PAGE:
TABLE I______________________________________Carbohydrate Composition of Horse ErythrocyteGlycoproteinSugar μmoles/mg glycoprotein g/100 gResidue (molar ratio) glycoprotein______________________________________N--glycolylneu- 0.855 (1.3) 28.0raminic acidGalactose 0.635 (1) 11.4N--acetylgalactos- 0.637 (1) 14.1amineN--acetylglucos- 0.040 (0.1) 0.9amineMannose 0.040 (0.1) 0.7______________________________________
TABLE II______________________________________Carbohydrate Composition of Sheep ErythrocyteGlycoproteinSugar g/100 gResidue μmoles/mg glycoprotein glycoprotein______________________________________Sialic Acids 0.541 16.7Galactose 0.558 9.0N--acetylgalactos- 0.676 13.7amineN--acetylglucos- 0.709 14.4amineMannose 0.104 1.7______________________________________
The glycoproteins of this invention are extracted from erythrocyte membrane, the cellular membrane of the red blood cell. Cellular membrane is essentially comprised of lipids. Singer and Nicholson proposed the currently popular mosaic model of the cell membrane. Science (1972) 175:720. In this model, a mosaic of globular proteins is interspersed in a phospholipid bilayer. Thus, there is usually some lipid contamination in purified membrane protein preparations. However, in this invention the complex glycolipid is substantially entirely removed by binding the product on an anion exchange column and eluting with a high salt buffer.
It has been found that the glycolipid removed by this series of steps is essentially nonreactive to antibodies which characterize human infectious mononucleosis. Its removal is of special importance to the achievement of a practical immunoassay method, however, because in these methods, one must be able to assume that the label (whether a radioactive isotope, a fluorogen, a chromogen, a luminescent material or another known type of label) is substantially entirely bound to a specific immunochemical reactant. Inadvertent labelling, even of a material inert to all other substances present, renders this assumption invalid and leads to results that are invalid or unable to be reliably interpreted. Moreover, a labelled contaminant, even if nonreactive with the immunochemical entity being assayed for, may well be reactive with another component in a test sample and hence may contribute to the magnitude of readings obtained, thereby disrupting the assay and causing it to give false information. It is therefore essential to the development of successful immunoassays for diagnosis and monitoring of human IM that the complex glycolipid be essentially completely removed from purified glycoprotein to be used in such immunoassays.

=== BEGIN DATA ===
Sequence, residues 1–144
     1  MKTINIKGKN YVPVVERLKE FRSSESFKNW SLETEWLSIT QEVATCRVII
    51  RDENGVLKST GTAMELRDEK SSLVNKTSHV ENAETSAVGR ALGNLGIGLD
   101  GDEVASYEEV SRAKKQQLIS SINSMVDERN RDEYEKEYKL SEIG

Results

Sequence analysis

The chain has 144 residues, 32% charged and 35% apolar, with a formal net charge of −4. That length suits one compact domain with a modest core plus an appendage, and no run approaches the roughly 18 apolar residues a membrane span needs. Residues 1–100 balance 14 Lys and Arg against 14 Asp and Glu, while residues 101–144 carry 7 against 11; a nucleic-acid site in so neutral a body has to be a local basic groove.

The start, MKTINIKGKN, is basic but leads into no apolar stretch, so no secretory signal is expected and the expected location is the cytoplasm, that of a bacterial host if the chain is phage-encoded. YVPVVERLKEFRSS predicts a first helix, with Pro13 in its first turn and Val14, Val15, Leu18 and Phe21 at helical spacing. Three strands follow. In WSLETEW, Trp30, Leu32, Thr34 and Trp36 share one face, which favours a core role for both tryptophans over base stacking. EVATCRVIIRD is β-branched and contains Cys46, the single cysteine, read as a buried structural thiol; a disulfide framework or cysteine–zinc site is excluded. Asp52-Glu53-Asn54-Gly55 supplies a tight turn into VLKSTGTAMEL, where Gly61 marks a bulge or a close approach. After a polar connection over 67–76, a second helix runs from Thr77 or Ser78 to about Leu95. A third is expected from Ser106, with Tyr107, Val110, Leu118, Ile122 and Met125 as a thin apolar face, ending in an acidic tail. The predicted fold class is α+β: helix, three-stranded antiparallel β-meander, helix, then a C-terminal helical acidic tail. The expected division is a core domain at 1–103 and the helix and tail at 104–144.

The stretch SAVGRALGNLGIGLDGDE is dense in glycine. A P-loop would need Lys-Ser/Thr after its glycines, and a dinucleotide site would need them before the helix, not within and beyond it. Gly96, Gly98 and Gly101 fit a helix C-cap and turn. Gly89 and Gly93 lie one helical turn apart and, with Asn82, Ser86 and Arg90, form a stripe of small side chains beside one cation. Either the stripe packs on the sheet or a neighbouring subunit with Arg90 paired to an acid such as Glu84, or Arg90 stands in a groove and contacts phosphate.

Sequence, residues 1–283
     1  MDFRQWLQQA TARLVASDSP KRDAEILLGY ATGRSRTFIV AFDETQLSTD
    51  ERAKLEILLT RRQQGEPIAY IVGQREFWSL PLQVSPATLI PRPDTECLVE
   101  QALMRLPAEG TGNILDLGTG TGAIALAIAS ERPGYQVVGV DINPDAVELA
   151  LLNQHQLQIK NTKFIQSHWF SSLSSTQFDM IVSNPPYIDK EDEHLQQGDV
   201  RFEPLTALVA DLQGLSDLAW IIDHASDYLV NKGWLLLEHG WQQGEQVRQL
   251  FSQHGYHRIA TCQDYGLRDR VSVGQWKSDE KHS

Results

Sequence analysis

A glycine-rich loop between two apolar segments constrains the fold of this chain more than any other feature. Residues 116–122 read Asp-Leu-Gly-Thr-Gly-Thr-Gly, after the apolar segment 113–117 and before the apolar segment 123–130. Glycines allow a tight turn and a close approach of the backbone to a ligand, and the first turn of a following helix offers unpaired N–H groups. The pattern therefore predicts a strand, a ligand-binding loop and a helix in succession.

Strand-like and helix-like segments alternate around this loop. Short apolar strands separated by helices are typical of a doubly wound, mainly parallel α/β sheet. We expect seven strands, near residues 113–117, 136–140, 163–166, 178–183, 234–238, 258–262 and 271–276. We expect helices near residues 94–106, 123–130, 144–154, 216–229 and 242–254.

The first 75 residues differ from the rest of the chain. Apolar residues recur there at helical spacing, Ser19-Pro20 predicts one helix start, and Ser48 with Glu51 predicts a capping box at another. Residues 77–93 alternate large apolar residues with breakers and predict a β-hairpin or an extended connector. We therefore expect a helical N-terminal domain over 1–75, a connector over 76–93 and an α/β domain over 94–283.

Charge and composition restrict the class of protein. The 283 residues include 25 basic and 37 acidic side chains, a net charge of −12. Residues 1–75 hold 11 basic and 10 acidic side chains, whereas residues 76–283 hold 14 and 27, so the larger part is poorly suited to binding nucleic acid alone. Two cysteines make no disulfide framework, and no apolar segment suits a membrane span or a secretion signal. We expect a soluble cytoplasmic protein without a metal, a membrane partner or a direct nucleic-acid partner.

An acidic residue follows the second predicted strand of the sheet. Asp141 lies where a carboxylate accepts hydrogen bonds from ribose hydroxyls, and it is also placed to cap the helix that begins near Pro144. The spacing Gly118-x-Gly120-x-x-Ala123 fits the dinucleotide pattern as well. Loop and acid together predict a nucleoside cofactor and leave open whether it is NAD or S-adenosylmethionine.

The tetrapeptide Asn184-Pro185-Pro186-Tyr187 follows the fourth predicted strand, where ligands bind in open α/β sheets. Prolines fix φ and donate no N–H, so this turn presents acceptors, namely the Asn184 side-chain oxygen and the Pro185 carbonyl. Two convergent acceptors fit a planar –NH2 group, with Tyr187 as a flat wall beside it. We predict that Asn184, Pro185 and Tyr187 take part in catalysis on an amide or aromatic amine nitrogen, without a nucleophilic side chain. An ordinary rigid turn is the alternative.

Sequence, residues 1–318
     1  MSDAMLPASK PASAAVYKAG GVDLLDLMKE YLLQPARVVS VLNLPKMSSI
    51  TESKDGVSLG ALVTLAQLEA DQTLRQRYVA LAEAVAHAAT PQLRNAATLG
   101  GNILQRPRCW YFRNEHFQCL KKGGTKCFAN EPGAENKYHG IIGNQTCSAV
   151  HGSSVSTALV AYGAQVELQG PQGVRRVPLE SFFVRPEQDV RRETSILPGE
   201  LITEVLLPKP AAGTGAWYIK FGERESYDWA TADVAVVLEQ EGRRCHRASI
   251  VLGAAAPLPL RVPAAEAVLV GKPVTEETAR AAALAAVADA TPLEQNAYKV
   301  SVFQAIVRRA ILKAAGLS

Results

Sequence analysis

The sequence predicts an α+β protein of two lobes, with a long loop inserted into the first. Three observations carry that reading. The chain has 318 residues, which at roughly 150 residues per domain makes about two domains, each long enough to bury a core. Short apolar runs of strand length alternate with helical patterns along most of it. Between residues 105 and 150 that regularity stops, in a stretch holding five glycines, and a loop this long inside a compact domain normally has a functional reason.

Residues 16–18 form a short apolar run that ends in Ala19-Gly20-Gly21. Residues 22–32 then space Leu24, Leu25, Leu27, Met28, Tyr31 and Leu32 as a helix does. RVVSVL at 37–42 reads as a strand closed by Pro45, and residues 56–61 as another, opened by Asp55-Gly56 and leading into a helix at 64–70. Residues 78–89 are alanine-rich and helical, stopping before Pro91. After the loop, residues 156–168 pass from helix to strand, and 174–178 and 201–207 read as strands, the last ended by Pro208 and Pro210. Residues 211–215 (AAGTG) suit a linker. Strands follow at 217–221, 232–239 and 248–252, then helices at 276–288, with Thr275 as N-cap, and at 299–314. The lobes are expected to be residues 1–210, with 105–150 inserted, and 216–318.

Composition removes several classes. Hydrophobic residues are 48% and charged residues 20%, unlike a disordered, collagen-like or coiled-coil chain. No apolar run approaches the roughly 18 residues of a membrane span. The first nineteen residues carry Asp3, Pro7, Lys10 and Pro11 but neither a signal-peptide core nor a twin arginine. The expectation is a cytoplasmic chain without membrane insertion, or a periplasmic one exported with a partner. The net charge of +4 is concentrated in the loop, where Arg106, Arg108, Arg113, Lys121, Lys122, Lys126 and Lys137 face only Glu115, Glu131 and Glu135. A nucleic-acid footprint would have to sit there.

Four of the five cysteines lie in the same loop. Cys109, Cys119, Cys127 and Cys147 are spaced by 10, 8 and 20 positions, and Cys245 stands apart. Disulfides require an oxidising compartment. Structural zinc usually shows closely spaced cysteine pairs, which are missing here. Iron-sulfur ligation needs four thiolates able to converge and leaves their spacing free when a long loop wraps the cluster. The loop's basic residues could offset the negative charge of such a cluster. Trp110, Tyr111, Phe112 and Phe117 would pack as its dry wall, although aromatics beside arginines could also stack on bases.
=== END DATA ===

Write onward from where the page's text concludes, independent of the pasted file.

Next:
Table III gives the amino acid compositions of the purified horse glycoprotein and the purified sheep glycoprotein in terms of moles per 100 moles of total protein present. Individual amino acids were determined after hydrolysis in 6NHCl at 110° C. in sealed, evacuated tables for 24 hours with a JEOL 5AH amino acid analyzer. N-terminal amino acid analysis was performed by the dansyl method [Gray, W. R. Methods Enzymol. 25, 333 (1972)]. DNS-amino acids were identified by TLC as described by Woods, K. R. et al Biochem. Biophys. Acta. 133, 369 (1967). For amino acid analysis of the sheep glycoprotein, tryptophan was determined after hydrolysis for 20 hours at 100° C. in 4N methane-sulfonic acid.
TABLE III______________________________________Amino Acid Composition of Horse ErythrocyteGlycoprotein and of Sheep Erythrocyte GlycoproteinAmino horse, sheep,Acid moles/100 moles moles/100 moles______________________________________Aspartic Acid 8.1 5.6Threoninea 10.6 8.1Serineb 10.8 12.9Glutamic Acid 9.4 13.0Proline 12.3 11.6Glycine 9.2 7.7Alanine 11.3 9.6Valine 4.4 6.2Methionine 0.8 0.5Isoleucine 3.5 4.6Leucine 8.2 8.3Tyrosine 1.1 4.6Phenylalanine 2.9 1.2Histidine 1.2 1.6Lysine 1.3 3.2Arginine 4.8 4.0Tryptophan -- 0.3______________________________________ a corrected for 5% loss on hydrolysis. b corrected for 10% loss on hydrolysis. Tryptophan was not determined in the horse glycoprotein.
A special embodiment of the present invention requires that a tag be attached either to the antigen to be determined or its binding partner. A radioactive tag is preferred, for example 125 I, 131 I, 3 H or 14 C, or any other radioisotope easily and conveniently measured. Tritium labeling of proteins, for example, can be carried out with [3 H]-acetic anhydride, a well known reagent frequently used for this purpose. The isotope 125 I is the most preferred because of its high specific activity and because of its relatively long half life.
An antibody or proteinaceous antigen can be labeled with 125 I to a specific activity of about 50 micro Ci/microgram of protein by one of a variety of methods known in the art such as e.g., lactoperoxidase, chloramine-T [Hunter, W. M. et al Nature 194, 405 (1962)], Iodogen [Fraker, P. J. et al Biochem. Biophys. Res. Comm. 80, 849 (1978)], or Bolton-Hunter reagent [Bolton, A. E. at al Biochem. J. 133, 529 (1973)]. The labelled protein is separated from unreacted free 125 I by gel filtration.